Not too long ago, Domonic Brown appeared to be a bust. Despite being named the fourth-best prospect in baseball by Baseball America after the 2010 season, Brown scuttled early on.

Not to mention that the DL seemed to call to Brown like a siren. First he suffered a hamate bone fracture in 2011 that required surgery. Then it was a slew of nagging muscle issues in 2012.

In the first three years of his career, Brown hit a mediocre .230/.302/.381. In his 433 at-bats, he hit 12 homers. That’s one homer per 36.1 at-bats. Now I’d say he’s just a tad better. Brown is currently batting .272/.306/.549 with 15 bombs. In 195 at-bats. Overall, that’s a homer per 13 at-bats. In the month of May, that number drops to a home run per nine at-bats.

I’ll do my due diligence and note that Brown’s OBP is still pretty bad. And there’s a clear reason for this. According to the Philadelphia Inquirer’s Matt Gelb, Brown walked exactly zero times in May. Before last night’s game, MLB Stat of the Day tweeted that Brown could go into the record books (which he did):

However, considering the Phillies Paradox (the team has one of the most anemic offenses in baseball despite playing in a hitter’s haven), this is a tradeoff the team is willing to take.

On Wednesday night—the day after he was named National League Player of the Week—Brown hit two jacks to lead the Phillies over the Boston Red Sox, 4-3. Gelb tweeted this during the game:

But Brown’s May heroics didn’t stop there. Last night, he raised his home run total in the month to 12 with another pair of bombs against the Milwaukee Brewers. That’s seven in seven days. Brown now has 15 dingers, which leads the NL.

Brown’s improvement may be due to a number of things. Maturation and playing everyday are certainly valid possibilities. In this case, however, something quite tangible is the culprit: his swing.

In an interview with Jim Salisbury of CSNPhilly, Brown noted that he is cognizant of the fact that his recent success is due to the changes he’s made at the plate. 

“I think I just had a longer swing, now that I’m looking back on it,” Brown said. “I did a lot to my swing to shorten it up, especially in those good hitter’s counts, just being able to be short and quick to the ball.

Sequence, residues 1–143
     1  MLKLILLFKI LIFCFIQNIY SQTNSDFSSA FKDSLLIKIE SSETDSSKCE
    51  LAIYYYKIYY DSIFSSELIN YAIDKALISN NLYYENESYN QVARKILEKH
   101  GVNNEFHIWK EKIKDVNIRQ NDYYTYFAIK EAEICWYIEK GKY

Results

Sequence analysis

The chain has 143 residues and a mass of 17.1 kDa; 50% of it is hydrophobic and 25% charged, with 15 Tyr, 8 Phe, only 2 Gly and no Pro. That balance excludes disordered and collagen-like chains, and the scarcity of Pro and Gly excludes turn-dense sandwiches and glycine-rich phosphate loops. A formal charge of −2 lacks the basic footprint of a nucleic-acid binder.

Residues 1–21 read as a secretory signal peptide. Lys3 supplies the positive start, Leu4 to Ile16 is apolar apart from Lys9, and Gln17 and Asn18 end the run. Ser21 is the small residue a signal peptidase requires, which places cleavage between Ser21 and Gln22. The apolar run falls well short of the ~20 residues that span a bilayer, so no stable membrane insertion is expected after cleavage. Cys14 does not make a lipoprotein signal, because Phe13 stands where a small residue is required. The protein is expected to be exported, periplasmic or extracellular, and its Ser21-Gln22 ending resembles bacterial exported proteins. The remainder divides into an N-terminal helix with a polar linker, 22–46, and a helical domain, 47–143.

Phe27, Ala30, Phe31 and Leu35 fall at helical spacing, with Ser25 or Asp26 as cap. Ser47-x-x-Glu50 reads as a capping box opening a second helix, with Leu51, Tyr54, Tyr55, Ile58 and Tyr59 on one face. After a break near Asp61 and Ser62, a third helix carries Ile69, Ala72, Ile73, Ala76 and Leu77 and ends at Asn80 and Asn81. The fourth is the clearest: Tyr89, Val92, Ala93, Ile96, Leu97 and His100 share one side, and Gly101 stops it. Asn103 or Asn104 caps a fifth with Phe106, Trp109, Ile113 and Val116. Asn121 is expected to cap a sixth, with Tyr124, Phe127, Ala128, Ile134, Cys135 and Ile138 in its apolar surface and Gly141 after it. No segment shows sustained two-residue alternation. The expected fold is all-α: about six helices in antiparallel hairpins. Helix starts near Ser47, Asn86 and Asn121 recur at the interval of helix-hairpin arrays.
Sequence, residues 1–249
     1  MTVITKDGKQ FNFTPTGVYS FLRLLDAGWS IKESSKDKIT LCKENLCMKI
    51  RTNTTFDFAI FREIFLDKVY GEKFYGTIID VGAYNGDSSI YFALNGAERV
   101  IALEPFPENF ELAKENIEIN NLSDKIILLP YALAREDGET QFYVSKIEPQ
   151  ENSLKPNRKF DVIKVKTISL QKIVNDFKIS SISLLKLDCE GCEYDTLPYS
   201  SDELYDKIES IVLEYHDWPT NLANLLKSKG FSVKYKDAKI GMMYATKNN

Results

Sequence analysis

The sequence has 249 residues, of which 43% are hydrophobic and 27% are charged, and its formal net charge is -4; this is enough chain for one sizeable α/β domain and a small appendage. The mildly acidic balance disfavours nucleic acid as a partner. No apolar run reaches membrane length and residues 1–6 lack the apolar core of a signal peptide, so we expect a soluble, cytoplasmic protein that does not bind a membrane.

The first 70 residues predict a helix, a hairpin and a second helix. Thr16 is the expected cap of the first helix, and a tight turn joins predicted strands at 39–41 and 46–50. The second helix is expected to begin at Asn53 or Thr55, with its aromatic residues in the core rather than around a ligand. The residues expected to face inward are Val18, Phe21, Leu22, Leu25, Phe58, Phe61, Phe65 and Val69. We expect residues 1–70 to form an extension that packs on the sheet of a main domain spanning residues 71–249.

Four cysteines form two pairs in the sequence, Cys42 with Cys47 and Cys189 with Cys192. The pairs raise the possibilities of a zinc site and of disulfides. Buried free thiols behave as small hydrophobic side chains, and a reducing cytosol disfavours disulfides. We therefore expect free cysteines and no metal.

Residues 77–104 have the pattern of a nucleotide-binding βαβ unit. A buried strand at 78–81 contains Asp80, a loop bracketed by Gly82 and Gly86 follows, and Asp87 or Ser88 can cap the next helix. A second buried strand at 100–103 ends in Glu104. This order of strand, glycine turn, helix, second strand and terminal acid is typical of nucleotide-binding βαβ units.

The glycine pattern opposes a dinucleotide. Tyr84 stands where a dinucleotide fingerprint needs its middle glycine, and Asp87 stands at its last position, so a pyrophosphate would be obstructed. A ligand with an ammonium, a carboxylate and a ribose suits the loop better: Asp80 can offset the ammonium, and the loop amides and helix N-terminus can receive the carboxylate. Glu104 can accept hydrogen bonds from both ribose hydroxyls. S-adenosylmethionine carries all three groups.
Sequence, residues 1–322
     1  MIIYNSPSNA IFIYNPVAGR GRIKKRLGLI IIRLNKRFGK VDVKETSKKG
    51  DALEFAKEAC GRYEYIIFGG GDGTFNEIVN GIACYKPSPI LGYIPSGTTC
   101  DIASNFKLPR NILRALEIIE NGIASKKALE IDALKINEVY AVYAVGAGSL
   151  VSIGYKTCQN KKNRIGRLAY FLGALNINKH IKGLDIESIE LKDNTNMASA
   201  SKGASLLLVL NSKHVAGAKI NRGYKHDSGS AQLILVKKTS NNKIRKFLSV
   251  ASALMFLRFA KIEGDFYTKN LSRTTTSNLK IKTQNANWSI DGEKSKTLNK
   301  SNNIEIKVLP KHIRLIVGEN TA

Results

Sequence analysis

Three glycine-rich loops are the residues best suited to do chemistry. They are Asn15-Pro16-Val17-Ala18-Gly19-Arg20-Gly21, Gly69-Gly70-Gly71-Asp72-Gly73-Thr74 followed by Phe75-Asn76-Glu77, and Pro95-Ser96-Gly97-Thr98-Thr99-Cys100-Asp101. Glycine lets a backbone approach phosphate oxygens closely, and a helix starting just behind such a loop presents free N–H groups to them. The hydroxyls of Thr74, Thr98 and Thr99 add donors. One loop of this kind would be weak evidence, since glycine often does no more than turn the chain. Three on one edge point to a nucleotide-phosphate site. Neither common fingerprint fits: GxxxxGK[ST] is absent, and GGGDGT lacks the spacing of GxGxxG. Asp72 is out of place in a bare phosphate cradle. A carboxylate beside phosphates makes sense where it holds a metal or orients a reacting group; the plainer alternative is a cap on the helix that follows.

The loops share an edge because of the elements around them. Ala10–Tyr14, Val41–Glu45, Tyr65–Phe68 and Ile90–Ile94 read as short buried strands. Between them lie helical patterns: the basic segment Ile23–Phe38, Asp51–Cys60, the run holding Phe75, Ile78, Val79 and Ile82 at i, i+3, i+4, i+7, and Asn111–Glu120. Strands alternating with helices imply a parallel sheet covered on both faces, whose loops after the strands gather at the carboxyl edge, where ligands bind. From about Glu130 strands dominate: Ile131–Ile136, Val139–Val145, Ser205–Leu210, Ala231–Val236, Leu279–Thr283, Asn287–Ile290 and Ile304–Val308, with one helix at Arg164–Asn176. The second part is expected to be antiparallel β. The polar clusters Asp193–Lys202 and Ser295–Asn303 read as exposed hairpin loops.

The differences are slight but significant. Here is Brown flailing at a high fastball during spring training in 2012:

Now look at the much-improved Brown hit a game-tying single against the Arizona Diamondbacks just a couple of weeks ago:

Brown’s quick hands are a by-product of his new approach. In this instance, they enabled him to fight off a tough pitch and knock it in the gap between shortstop and third base. Brown’s 2012 swing would’ve likely had him undercutting this pitch, resulting in one of those big whiffs Philadelphia has learned to endure.

In an interview with the Philadelphia Daily News’ Ryan Lawrence, Chase Utley—who champions the short swing—noted that he has picked up on Brown’s shift.

“It’s noticeable. I think he’s in more control than he has been in the past. He’s made some adjustments in his stance, where his hands are, and that’s probably allowed him to be a little quicker to the baseball, shorter to the baseball.”

So we know Brown can perform when it counts. He has the ever-coveted intangibles. But he also measures up when it comes to good old statistics. Out of the Phillies with 50 or more at-bats (and this is being quite generous), Brown leads the team (or is tied for the lead) in six offensive categories: batting average (.272, tied with Utley), runs (25 to the second-most 21), home runs (15 to the second-most seven), RBI (36 to the second-most 26), slugging percentage (.549 to the second-highest .475), and OPS (.855 to the second-highest .814). And four of these said “second” spots are held by none other than the DL King himself, Mr. Utley. So if we had been going by active players here, Brown’s stats would’ve distanced himself even further from the pack.

Just for kicks, Brown is also only a smidge behind the team leaders in hits and doubles.

Other vast improvements for Brown are his splits. As is typically the case with lefties, Brown struggled mightily against lefty arms early in his career. Before this season, Brown was batting .184 against lefties and .244 against righties. Reminiscent of Howard’s early numbers (Big Brown numero uno was .179 against lefties and .329 against righties in his first three years). In 2013—and this is not a typo—Brown is hitting .326 against lefties and .255 against righties. His improved swing working in tandem with improved vision show to be a lethal combination.


*All statistics are accurate as of May 31.

**All statistics are from espn.com, Baseball-Reference.com, and MLB.com

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Domonic Brown’s Fast Start Could Help Him Earn Starting Job with Phillies Soon

Remember last month when the possibility existed that the Philadelphia Phillies could use a double-platoon for their corner outfield spots, rather than naming a starter at each position heading into spring training?

Although the eventual signing of Delmon Young made it appear as if the Phillies had their candidate for an everyday right fielder, left field was still a mystery.  And following news from Jim Salisbury on CSNPhilly.com that Young could not only miss Opening Day, but also much of April, it appeared as if both corner outfield spots were back up for grabs.

That is, unless Domonic Brown continues with his strong early showing.

The Phillies have only played four spring training games, but manager Charlie Manuel recently spoke on the outfield situation in an article by David Murphy on Philly.com, and made sure he mentioned Brown’s name when it came to which players could claim spots early.